Notable Cast: Dean Winters, William S. Taylor, Michael Rogers, Ashley Laurence, Rachel Hayward, Doug Bradley
"Welcome to the worst nightmare of all...reality."
The Hellraiser series has seem some serious highs and lows. Comparing where it started to the low it hit with three and four to the unseen backhand that was the redemption of Inferno, this franchise has seen it all. So if the fifth film worked so well (that film being Inferno for those new to the series) why the hell not try to make it work again? Well, for Hellseeker, it's a great idea that never got the execution quite down to work as well as the concept did for Inferno. It's still a successful and atmospheric film that works in building its version of hell, but it just lacks a bit connection.
Trevor is in a bad situation. He was just in a car wreck with his wife and although he thought he saw her drown, the police can't locate a body and he's being investigated. That's not even all. He is having headaches and he doesn't seem to know his own life as all of these different women seem to think that they have a sexual relationship with him. His best friend even seems to think that he killed his wife for her inheritance money that he's going to split with her. Now these people are dying around him and a mysterious figure and memories of a man with needles in his head seems to indicate there's more going on here than just bad headaches.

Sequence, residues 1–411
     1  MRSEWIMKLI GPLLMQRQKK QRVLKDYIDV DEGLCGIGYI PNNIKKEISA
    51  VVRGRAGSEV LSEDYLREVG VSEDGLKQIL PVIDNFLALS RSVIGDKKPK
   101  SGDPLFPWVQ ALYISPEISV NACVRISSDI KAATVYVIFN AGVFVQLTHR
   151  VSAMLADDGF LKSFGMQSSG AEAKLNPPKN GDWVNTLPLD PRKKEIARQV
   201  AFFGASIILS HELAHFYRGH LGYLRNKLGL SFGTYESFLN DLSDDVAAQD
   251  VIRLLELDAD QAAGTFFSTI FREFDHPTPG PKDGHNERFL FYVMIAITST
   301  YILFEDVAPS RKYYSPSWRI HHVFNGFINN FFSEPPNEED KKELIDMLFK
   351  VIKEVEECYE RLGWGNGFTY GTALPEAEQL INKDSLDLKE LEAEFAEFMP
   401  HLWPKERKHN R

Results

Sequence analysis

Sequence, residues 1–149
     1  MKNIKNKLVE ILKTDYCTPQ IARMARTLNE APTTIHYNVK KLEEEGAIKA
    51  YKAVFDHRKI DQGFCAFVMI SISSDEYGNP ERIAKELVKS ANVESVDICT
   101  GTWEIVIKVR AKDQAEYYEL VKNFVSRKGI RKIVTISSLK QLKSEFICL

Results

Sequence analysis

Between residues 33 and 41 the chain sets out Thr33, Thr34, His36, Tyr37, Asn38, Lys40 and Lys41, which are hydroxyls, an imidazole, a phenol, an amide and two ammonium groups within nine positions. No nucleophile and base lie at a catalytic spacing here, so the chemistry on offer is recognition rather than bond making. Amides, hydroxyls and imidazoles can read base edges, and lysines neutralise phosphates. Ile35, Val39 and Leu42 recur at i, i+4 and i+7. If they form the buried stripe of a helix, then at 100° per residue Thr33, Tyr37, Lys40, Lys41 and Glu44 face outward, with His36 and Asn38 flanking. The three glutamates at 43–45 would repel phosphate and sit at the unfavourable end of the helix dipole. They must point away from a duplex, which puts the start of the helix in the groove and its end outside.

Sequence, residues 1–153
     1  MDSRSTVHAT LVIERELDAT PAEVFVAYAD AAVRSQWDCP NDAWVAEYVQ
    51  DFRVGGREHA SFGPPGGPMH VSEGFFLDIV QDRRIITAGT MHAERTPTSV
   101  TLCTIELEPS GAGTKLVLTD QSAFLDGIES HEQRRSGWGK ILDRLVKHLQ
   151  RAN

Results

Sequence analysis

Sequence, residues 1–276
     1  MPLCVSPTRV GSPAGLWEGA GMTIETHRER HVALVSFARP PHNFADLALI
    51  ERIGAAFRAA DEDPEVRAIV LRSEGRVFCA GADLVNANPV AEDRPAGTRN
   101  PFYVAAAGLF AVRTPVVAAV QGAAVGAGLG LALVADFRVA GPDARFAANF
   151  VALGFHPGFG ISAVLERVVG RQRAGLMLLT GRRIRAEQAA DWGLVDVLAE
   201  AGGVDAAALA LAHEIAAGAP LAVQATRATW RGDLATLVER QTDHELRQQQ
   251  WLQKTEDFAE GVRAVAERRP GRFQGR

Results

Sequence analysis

Despite its flaws, Hellseeker is still one of the better films in this franchise. Its story is rather smart, it has significant connections to the original film (the lead character's wife happens to be Kirsty Cotton from the first two films), and it hardly feels like the straight to DVD movie that it should feel like. It follows its predecessors steps in these ways giving us another tale of a person's descent into hell thanks to the puzzle box and with some very smart plot moments (the sexual chair encounter with his boss and the video camera nightmare moment come to mind for that) and some solid acting, Hellseeker carries its weight for the most part. The narrative flow can be a bit choppy at times, but the intent on crafting another "mystery" for the audience to solve as its protagonist slowly descends into hell makes for a horrific ride worthy of carrying the Hellraiser title.
Unfortunately, I believe that this sixth entry doesn't go near far enough for what it could have. Our lead character Trevor seems rather distant throughout the entire movie despite his predicament and we lose touch with him by about half way through because of his disconnect that's needed to build the mystery. Also, as the film slowly winds down into pure insanity towards the end it doesn't seem to really give us the pure hell that the film should descend into that's now expected from a Hellraiser film. This one, outside of a few gore moments, is more about creating a sense of paranoia and dread instead of the energetic madness and layering that Inferno utilized. It gives the film a unique flavor, but not one that makes that pure connection needed to sell it's loftier concepts.
Although the Hellraiser series has seen better, it definitely has seen worse than Hellseeker. It has a pretty solid story that gets to the heart of what makes these films good, but some lackluster character arcs and a rather straightforward directing job this film needs a lot of work still. When Pinhead says in the film, "All problems solved? Not so simple, I'm afraid.", who knew how right he was. Still, this entry is easily one of the better ones for the franchise so don't write it off simply because it's the sixth one.
Written By Matt Reifschneider